A critical area of instruction in kindergarten is for students to describe shapes and space. Students develop geometric concepts and spatial reasoning from experience with the shapes of objects and the relative positions of objects.
Students use positional words to describe objects in the environment (K.G.1). Examples of positional words include in and out, inside and outside, down and up, above and below, over and under, before and after, top and bottom, front and back, right and left, on and off, begin and end, and near and far.
Students develop spatial sense by connecting geometric shapes to their everyday lives. Students need opportunities to identify and name two- and three-dimensional shapes in and outside of the classroom and describe relative positions by answering questions such as these:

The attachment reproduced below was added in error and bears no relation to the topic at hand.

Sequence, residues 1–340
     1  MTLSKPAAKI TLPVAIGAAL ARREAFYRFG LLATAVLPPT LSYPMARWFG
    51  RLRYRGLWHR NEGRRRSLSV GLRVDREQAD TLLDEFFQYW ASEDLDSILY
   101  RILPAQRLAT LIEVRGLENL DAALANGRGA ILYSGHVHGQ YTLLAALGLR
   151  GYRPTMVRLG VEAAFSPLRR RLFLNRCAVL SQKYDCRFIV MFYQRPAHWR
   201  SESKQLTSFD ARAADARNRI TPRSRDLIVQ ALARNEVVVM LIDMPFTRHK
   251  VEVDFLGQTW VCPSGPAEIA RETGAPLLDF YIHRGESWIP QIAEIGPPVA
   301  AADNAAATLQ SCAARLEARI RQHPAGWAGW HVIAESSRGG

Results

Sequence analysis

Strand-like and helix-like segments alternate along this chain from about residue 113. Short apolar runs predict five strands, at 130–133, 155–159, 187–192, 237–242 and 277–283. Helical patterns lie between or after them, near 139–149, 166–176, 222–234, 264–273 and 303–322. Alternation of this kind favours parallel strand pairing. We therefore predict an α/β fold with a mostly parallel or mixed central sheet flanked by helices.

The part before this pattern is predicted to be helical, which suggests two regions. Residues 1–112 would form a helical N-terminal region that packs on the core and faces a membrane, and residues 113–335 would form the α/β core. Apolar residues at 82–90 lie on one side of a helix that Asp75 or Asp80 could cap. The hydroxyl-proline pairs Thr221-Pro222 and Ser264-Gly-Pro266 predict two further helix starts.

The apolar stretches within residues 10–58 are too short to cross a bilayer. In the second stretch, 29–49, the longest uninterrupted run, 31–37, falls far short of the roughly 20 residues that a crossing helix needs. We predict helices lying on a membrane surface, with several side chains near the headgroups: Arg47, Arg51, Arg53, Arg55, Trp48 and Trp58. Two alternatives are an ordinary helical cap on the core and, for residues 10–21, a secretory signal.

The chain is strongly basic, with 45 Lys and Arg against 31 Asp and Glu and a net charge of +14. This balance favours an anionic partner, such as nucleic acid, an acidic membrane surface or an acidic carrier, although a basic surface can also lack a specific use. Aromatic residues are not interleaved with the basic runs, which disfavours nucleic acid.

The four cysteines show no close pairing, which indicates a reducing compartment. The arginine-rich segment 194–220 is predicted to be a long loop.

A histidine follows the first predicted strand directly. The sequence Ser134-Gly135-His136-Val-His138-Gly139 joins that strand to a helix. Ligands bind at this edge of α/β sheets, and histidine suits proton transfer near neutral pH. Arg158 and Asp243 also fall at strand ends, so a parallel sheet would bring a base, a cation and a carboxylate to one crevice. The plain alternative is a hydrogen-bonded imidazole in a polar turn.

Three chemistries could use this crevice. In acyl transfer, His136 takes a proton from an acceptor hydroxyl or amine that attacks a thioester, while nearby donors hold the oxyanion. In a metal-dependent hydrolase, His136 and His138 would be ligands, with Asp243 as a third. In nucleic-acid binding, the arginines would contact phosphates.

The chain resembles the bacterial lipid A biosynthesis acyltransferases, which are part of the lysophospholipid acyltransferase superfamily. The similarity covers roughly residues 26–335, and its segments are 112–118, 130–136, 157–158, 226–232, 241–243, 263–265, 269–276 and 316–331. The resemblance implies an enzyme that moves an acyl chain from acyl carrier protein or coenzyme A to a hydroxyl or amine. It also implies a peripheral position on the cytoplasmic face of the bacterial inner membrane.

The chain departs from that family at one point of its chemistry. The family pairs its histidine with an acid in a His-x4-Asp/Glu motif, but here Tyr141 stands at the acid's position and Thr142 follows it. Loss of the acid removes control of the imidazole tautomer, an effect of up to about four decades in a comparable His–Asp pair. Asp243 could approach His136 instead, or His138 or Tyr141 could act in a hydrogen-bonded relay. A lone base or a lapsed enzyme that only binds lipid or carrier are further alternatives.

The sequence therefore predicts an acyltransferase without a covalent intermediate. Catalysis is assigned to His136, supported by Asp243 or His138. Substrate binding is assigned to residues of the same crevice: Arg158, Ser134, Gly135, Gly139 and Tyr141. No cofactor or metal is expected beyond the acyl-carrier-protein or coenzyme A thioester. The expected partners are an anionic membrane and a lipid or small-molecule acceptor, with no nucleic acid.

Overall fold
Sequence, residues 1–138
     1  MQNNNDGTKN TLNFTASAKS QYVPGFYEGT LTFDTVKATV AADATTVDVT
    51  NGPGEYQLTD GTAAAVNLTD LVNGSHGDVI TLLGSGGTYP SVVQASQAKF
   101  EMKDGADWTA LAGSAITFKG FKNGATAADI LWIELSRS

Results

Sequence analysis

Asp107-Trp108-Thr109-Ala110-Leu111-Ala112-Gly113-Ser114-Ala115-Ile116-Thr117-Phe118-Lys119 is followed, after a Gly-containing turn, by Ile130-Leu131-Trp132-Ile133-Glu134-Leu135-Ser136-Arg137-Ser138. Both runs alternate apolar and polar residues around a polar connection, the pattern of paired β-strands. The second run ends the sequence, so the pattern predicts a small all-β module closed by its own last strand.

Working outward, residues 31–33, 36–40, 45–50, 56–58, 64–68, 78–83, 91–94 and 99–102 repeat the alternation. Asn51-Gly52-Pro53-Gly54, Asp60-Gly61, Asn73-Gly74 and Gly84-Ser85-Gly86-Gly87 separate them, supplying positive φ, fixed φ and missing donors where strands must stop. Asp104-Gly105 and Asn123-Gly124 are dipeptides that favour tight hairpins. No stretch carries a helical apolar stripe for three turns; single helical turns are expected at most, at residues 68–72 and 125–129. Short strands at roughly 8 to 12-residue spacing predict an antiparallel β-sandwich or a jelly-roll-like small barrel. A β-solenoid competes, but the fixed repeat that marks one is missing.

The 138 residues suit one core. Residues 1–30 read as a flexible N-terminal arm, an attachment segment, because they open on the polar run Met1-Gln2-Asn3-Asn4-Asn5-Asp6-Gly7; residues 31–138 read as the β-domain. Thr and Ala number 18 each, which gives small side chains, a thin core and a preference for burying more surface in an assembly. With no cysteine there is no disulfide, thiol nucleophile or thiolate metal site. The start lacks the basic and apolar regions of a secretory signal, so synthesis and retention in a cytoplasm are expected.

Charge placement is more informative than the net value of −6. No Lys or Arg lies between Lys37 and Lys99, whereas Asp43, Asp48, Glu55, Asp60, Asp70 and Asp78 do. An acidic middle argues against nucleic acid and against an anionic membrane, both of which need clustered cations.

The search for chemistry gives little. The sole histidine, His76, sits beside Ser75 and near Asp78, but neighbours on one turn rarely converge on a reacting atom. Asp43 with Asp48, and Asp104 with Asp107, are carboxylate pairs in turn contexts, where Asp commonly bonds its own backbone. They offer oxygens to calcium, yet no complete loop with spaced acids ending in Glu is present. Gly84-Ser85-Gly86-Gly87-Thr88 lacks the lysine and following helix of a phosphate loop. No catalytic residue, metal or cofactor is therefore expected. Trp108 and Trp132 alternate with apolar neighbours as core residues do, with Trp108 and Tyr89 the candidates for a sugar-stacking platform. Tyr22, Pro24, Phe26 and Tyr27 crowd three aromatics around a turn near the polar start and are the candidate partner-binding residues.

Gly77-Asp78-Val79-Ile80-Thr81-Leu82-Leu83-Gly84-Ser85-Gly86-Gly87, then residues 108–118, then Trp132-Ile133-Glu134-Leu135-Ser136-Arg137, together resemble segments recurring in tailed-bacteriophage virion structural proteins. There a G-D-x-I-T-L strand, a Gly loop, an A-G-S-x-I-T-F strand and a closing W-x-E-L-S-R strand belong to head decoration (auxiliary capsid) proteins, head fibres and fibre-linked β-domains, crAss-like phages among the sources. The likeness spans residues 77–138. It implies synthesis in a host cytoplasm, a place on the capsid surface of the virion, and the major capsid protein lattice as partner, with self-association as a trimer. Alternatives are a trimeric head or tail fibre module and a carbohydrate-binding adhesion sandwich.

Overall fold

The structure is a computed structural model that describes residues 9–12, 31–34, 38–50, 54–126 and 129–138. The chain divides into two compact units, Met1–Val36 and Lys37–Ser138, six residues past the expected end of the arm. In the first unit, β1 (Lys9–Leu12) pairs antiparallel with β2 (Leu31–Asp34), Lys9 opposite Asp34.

Which way is the cafeteria? (The cafeteria is to the right.)
Which shape is near the rectangle? (The circle is near the rectangle.)
Where is the green ball? (The green ball is on top of the cupboard.)
What types of shapes do you see on the floor of the basketball court? (I see a rectangle and a circle on the basketball court.)
Kindergarten students connect their work with identifying and classifying simple shapes to help them compare shapes and manipulate two or more shapes to create a new shape. This understanding also builds foundations for students to “reason with shapes and their attributes” in grade one.
Students describe similarities and differences between and among shapes using informal language.
These experiences help young students begin to understand how three-dimensional shapes are composed of two-dimensional shapes—for example:
The base and the top of a cylinder is a circle.
The face of a cube is a square.
A circle is formed in the shadow of a sphere.
In early explorations of geometric properties, students discover how categories of shapes are subsumed within other categories. Puzzles provide opportunities for students to apply spatial relationships and develop problem-solving skills in an entertaining and meaningful way. Pattern blocks and tangrams are often utilized when students work with two-dimensional shapes.